In other words, “strong words” from the laity at the opening of Germany’s synod. Anger expressed at four bishops and the refusal of Pope Francis to grant resignations. From Crux:
(B)efore discussions began on the agenda, the leadership decided to allow an hour to clear the air after the Vatican decided to reinstate bishops accused of mishandling abuse.
There was admitted trepidation on the part of the synod leadership, and a stated worry that those who favored the Vatican move would be intimidated. From the Central Committee of German Catholics, fifty-seven signatories offered a statement that included:
As members of the Synodal Path Assembly, we are willing to continue on the Synodal Path. We expect our bishops to join us in this journey as a sign and instrument for a genuine rediscovery of the good news of God in our time. And we expect the bishop of Rome, in communion with all the bishops, to examine the impulses of our Synodal Path in an unbiased way. Otherwise, any talk about the synodal constitution of our church would become a mere farce.
Delegate Gudrun Lux:
What has this church come to, if it is the same here as it is in the world outside: The big guys can do what they want, the little ones are hanged, the big guys are let off the hook.
The Church’s treatment of many lay employees has certainly looked like the secular world. People too easily handing out the pink slip when sinful clergy remain active.
To be sure, in many controversial decisions there are reasonable points to be made on both sides. Bishops and lay people can be penitent and regretful, pledge to do better, and possess redeeming qualities that shouldn’t be lost. And sometimes, trust has been violated so deeply that business can never return to “usual.” Sometimes that is a burden on those pink slipped. But sometimes alternatives can surface that respond to a sense of restorative justice. People can move forward together. That would be the hope.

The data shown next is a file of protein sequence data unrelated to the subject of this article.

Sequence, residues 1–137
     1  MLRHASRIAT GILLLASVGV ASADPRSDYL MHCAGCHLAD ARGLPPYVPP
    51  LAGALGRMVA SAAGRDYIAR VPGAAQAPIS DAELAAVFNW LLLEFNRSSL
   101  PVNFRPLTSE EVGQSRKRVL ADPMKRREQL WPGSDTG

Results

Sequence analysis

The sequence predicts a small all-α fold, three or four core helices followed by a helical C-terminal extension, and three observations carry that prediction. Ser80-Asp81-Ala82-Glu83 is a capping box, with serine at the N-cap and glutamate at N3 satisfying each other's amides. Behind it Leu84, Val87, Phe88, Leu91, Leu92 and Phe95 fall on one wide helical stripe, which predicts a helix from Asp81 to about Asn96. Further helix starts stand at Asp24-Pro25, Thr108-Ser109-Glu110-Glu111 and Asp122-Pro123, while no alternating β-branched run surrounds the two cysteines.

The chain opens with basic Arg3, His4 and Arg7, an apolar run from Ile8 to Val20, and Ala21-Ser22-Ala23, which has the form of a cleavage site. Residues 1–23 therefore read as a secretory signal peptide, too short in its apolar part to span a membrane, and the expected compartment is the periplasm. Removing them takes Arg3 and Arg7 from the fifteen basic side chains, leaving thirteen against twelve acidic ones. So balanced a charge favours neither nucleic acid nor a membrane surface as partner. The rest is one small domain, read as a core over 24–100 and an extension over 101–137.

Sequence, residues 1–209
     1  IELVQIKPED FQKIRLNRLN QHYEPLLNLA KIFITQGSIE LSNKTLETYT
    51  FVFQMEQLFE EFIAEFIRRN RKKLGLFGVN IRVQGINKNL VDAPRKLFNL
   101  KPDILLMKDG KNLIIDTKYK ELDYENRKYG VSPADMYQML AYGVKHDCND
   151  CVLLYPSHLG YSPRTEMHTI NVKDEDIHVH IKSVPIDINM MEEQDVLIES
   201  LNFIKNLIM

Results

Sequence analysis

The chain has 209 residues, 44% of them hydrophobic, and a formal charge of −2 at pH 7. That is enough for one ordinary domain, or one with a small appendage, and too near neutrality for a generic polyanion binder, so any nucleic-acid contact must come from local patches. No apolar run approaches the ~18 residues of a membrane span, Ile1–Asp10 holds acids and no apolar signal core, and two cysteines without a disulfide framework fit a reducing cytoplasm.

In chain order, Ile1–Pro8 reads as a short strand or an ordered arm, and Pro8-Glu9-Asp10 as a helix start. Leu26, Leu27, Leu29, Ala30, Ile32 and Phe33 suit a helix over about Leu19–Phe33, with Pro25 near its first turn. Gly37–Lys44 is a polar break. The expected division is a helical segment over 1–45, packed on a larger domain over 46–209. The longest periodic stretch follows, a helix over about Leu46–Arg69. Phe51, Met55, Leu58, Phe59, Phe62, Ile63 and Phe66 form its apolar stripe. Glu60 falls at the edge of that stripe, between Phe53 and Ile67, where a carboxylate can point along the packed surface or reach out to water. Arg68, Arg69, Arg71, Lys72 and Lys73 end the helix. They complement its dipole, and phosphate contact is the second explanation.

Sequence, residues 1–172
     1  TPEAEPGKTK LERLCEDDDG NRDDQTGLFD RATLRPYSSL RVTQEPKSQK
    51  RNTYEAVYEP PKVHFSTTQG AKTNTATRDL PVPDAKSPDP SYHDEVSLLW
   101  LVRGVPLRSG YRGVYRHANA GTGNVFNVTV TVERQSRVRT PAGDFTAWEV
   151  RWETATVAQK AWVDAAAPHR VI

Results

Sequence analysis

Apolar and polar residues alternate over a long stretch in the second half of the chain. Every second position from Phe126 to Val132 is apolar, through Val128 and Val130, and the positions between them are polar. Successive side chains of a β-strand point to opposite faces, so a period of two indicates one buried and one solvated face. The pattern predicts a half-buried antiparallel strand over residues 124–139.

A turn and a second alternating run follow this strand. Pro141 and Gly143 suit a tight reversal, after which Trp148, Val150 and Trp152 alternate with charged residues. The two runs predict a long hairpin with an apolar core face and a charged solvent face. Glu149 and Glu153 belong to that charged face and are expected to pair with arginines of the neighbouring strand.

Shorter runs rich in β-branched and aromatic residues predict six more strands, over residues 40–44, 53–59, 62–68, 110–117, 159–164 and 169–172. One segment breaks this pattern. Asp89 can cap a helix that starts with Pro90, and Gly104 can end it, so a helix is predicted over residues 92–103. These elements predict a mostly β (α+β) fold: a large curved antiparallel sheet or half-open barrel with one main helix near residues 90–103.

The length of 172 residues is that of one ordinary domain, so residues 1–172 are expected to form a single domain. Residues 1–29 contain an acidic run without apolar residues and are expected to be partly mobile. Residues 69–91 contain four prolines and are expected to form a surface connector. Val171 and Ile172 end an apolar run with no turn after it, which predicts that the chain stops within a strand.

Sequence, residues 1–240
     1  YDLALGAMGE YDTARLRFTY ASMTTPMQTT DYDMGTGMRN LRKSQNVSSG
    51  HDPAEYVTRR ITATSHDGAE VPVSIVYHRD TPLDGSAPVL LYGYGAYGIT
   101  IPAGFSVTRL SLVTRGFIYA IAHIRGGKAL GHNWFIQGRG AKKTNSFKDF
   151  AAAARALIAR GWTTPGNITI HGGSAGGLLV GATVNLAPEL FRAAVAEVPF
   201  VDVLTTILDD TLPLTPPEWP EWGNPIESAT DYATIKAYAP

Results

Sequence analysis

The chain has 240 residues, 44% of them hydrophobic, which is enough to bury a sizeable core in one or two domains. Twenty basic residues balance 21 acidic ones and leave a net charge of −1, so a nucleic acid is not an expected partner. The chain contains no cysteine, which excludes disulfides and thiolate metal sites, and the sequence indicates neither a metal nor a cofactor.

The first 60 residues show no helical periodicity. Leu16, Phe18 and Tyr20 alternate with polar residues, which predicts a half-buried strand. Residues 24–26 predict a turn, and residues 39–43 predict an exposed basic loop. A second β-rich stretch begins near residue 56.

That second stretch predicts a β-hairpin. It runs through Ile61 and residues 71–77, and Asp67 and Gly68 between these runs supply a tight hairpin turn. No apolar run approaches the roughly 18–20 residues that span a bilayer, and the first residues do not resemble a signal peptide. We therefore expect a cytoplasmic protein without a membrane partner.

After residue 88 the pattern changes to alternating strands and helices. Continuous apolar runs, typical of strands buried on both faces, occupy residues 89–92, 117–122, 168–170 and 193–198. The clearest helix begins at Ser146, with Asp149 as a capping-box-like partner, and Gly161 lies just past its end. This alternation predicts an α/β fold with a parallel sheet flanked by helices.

I think most of us realize that unequal treatment and unfairness is part of the human condition. The Church is sullied by sin as much as any other institution. An apologist for a reinstated bishop said nothing illegal was done, but that is a different bar from the one applied in canon law and in the moral life.
Maybe we need a fourth form of the Rite of Penance in which lay people oversee a period of penitence for wayward bishops, and when they determine a suitable time of reform has concluded, the prelate can be forgiven by an ordained confessor and returned to priestly ministry.